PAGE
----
StarShoot IV: Review

Orion StarShoot Solar System Color Imaging Camera IV - review

By David Fuller, August 6, 2012

The Orion StarShoot IV comes in a fairly small box, and is well packaged for shipment.  It arrived with the camera imager, a USB cable, an instruction sheet and CD--ROM with software.  The software installed quickly on my rather old Windows XP Dell laptop, and setting up the camera per the instructions was not difficult.  I had read the reviews on this camera on Orion's site, and was fully prepared to focus slooooooowly, per the advice of several reviewers.  I actually found I could focus on the Moon much faster than I expected, and had an image on the screen of my laptop in less than 15 minutes after opening the box.

I was excited to get this camera because 1) astrophotography is usually quite expensive and 2) I'm not very good at it.  This camera seemed like a good way to be able to afford a camera that could step up my game a little bit from what I've been able to capture.  In the recent past I have done is some afocal astrophotography - which means I hold or clamp a camera up to an eyepiece in my telescope (already in focus), and snap a picture.  A bit crude, but it does work.  For example, here is a shot I took of the planet Saturn using just an HTC Inspire cellphone and a 6" f/5 Celestron CN-6 reflector:

Okay, is it a GREAT image?  No.  But given that it was taken with a cellphone through an eyepiece (handheld, mind you), it isn't all that terrible.  And planetary imaging IS difficult.  What usually helps with taking better planetary images is to use video, then process it through a program called "Registax" which takes the best images, stacks them, and in turn brings out more detail that you could get with a single image.  So that is why I was excited about the Starshoot IV; I could take video of the planets, and get even better images than the one above.  I took the camera out - same telescope and set up - and aimed it at the Moon.  I fired up the video capture software to grab some video and get familiar with focusing (more on that below), and then aimed it a Saturn.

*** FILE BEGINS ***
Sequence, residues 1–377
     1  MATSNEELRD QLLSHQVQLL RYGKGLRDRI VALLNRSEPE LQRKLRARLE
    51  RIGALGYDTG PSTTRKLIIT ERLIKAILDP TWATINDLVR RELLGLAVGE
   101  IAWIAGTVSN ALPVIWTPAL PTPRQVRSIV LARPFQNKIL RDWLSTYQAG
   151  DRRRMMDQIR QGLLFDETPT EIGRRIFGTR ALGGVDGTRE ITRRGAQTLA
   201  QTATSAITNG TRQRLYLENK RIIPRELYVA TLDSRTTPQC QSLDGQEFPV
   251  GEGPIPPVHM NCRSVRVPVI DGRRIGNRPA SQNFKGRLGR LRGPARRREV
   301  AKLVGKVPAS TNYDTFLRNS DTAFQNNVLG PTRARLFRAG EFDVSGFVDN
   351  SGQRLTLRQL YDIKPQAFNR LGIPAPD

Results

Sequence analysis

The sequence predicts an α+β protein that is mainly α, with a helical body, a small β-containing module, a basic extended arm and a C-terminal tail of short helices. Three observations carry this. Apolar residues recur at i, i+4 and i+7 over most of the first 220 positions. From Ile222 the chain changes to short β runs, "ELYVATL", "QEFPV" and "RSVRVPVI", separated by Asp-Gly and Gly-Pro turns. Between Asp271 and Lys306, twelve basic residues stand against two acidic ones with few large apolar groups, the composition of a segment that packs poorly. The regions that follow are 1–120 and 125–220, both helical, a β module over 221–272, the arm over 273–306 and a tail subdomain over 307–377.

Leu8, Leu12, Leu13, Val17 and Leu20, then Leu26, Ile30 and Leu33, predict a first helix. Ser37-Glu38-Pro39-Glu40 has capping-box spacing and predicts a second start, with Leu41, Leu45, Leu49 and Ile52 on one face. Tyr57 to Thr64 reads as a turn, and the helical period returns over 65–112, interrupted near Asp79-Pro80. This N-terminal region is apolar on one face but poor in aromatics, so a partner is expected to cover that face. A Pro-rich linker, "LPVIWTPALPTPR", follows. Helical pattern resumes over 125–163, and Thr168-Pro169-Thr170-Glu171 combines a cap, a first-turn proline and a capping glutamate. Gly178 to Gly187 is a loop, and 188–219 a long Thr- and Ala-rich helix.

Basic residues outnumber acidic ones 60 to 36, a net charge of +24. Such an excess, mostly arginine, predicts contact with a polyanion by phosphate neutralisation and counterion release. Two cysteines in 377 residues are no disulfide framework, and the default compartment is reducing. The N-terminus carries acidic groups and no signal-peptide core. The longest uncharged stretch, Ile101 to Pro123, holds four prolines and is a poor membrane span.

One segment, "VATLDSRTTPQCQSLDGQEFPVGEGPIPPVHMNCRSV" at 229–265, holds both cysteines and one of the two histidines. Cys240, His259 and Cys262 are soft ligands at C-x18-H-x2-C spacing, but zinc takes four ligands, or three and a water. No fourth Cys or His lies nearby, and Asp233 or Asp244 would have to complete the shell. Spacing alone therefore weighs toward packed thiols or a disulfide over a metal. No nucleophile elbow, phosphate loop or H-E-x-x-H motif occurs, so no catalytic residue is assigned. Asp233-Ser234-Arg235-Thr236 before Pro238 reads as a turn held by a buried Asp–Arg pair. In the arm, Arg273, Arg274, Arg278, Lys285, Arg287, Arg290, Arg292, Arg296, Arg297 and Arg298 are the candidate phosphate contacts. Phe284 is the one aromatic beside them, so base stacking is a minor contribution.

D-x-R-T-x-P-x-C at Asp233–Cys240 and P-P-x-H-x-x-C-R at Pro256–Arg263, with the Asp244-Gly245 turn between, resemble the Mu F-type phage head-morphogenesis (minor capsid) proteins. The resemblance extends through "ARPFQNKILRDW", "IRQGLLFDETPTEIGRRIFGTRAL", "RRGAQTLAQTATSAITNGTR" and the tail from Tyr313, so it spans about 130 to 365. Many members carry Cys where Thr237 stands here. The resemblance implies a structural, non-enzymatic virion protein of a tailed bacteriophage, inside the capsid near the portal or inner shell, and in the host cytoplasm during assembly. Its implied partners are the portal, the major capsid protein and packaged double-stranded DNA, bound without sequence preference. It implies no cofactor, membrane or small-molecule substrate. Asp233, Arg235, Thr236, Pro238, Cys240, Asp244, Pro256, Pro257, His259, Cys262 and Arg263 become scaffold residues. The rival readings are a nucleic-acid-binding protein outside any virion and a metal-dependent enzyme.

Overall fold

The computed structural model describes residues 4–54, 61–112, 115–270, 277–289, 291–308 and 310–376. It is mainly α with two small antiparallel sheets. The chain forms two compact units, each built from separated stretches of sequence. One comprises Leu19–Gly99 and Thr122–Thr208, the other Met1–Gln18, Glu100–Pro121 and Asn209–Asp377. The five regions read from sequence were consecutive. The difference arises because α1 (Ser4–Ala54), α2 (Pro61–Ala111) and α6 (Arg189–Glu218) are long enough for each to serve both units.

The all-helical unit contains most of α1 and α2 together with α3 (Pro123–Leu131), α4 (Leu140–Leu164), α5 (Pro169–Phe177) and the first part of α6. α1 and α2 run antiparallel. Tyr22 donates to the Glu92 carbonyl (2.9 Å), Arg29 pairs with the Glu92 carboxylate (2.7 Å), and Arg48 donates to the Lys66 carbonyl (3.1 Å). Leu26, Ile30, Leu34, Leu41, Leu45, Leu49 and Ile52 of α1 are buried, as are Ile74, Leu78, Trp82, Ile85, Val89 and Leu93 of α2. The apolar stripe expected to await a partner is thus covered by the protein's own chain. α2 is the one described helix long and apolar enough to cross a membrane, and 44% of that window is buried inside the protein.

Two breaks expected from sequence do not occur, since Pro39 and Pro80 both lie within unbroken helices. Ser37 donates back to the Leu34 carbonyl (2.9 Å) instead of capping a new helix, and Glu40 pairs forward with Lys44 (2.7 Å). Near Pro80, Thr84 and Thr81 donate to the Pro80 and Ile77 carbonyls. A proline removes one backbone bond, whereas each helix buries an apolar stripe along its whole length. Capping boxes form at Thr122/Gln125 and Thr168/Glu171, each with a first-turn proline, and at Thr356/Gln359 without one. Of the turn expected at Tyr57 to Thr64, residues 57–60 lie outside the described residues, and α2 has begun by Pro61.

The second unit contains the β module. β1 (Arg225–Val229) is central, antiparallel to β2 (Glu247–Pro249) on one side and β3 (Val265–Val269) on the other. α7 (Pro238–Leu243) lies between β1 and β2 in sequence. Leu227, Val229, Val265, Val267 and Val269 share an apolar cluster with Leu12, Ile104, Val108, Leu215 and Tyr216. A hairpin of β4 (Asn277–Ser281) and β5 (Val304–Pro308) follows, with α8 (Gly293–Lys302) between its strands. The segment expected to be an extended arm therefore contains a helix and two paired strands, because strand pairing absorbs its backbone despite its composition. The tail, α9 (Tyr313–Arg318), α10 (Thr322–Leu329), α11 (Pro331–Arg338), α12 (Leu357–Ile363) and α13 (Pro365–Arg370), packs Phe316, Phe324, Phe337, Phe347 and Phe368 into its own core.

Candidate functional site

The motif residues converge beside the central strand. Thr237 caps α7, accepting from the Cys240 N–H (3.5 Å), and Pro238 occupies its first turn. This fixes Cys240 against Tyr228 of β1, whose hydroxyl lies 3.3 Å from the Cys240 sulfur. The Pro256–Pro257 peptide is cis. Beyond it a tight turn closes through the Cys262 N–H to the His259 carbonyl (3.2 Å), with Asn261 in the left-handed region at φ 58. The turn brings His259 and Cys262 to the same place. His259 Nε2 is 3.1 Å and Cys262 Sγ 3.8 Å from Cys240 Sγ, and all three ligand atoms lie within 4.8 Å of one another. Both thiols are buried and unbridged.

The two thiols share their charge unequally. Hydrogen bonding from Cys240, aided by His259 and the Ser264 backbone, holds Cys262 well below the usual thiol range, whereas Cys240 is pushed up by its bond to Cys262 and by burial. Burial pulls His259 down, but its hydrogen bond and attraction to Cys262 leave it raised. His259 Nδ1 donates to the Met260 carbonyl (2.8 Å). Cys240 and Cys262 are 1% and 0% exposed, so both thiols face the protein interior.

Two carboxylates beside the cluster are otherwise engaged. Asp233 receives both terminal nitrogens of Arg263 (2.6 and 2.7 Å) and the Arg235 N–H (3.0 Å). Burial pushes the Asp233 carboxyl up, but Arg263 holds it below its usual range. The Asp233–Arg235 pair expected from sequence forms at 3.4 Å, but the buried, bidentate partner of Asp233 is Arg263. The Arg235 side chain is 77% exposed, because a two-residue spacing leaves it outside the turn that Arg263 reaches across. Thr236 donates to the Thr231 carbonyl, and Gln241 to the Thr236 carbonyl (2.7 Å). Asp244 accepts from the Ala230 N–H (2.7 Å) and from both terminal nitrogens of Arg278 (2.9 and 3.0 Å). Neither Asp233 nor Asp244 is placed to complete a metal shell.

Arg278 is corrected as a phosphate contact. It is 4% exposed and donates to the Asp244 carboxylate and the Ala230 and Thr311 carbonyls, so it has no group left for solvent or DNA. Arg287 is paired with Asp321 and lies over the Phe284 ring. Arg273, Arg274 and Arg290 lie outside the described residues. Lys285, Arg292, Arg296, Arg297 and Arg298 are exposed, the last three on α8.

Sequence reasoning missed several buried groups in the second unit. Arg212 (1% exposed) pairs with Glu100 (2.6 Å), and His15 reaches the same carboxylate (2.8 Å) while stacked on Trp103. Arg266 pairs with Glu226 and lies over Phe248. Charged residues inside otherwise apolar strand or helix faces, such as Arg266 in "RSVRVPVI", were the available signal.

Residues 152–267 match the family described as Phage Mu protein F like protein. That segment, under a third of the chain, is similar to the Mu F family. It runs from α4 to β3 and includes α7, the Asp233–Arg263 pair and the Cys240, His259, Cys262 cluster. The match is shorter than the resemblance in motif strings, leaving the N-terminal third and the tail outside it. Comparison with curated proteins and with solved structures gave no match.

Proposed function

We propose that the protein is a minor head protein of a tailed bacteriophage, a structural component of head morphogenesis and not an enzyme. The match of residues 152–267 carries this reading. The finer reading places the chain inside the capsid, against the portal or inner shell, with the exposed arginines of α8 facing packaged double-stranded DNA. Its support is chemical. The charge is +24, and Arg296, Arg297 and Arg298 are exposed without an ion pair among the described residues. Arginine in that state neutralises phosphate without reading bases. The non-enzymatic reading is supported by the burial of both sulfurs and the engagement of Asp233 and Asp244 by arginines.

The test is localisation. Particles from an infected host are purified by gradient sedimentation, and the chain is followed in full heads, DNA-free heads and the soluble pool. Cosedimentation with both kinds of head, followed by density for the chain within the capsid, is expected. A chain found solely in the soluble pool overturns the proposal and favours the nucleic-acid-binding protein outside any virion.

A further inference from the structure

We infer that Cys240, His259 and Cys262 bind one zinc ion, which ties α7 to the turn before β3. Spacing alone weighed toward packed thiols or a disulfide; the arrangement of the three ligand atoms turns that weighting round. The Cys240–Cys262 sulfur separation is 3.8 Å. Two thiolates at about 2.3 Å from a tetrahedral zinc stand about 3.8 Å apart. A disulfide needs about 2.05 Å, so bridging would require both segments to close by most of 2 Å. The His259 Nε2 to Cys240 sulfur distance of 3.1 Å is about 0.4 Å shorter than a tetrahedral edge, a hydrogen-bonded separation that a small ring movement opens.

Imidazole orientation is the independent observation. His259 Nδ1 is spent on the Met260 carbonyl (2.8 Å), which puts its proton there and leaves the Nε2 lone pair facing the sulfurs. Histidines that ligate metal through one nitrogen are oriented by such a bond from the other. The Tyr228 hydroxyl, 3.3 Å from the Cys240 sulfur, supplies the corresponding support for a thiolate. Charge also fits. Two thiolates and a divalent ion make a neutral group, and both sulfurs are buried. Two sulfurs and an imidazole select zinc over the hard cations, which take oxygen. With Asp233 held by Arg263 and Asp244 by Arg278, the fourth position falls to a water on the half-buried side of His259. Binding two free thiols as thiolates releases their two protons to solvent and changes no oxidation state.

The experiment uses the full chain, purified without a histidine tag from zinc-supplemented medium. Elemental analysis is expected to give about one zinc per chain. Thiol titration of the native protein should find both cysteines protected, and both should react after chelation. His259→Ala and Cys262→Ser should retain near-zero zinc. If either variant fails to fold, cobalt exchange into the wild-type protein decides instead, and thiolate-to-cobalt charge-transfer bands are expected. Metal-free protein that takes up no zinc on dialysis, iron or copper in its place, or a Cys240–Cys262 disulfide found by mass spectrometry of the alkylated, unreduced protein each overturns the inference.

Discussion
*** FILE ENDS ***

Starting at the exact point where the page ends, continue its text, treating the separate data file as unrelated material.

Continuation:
Thing is, I couldn't find it.  Not because the planet wasn't centered - it was.  DEAD on centered per both my finderscope AND the telescope itself when I swapped an eyepiece back in.  I thought maybe it was my focus, so I swung back over to the Moon, and sure enough - dead on focus.  Back to Saturn.  Checked again by swapped out eyepiece.  This is seriously the best picture I got of Saturn:

No, it is not your eyes if you can't see anything.  That's what I saw.  Black.  Nothing.  I even tried the "slow focus" thing that people on Orion's site indicated one should try (despite having already focused on the Moon twice).  Nothing.   

To say I was disappointed that I could not even get a pixelated "something" would be an understatement.  I had wanted this camera PRECISELY to take planetary pictures, and I couldn't even get an image?!?!  Ugh.

Not to be discouraged too easily, I went back to the Moon.  Here is an image of the crater Tycho and the large crater Bailly seen on the right hand side.  There is a crater slightly off of Bailly towards Tycho, which I have marked for comparison to another lunar image I took with another camera set up, below.  But let's look at this one.  Do you notice pixelization?  How is the contrast?  Sharpness?

Unfortunately, I did not think to get a picture of the same area with another camera at the time.  But for comparison's sake, check out this picture that I took of the Aristarchus crater region using the quite good Orion Steadypix camera clamp and a Panasonic Lumix 7.2 megapixel point and shoot camera through an Orion Expanse 6mm eyepiece.  How does the pixelization compare?  Contrast of features?  Sharpness?

Last but not least, I though I might at least try to get some sunspots.  The Sun has been quite active lately, so I though that getting some pictures of the darker, cooler sections of magnetic storms traversing the Sun's surface would be fun.  I have taken quite a few pictures of the Sun this way - usually using my HTC Inspire smartphone camera in an afocal setup.  Here is a screen grab of what I got with the Orion Starshoot IV imager: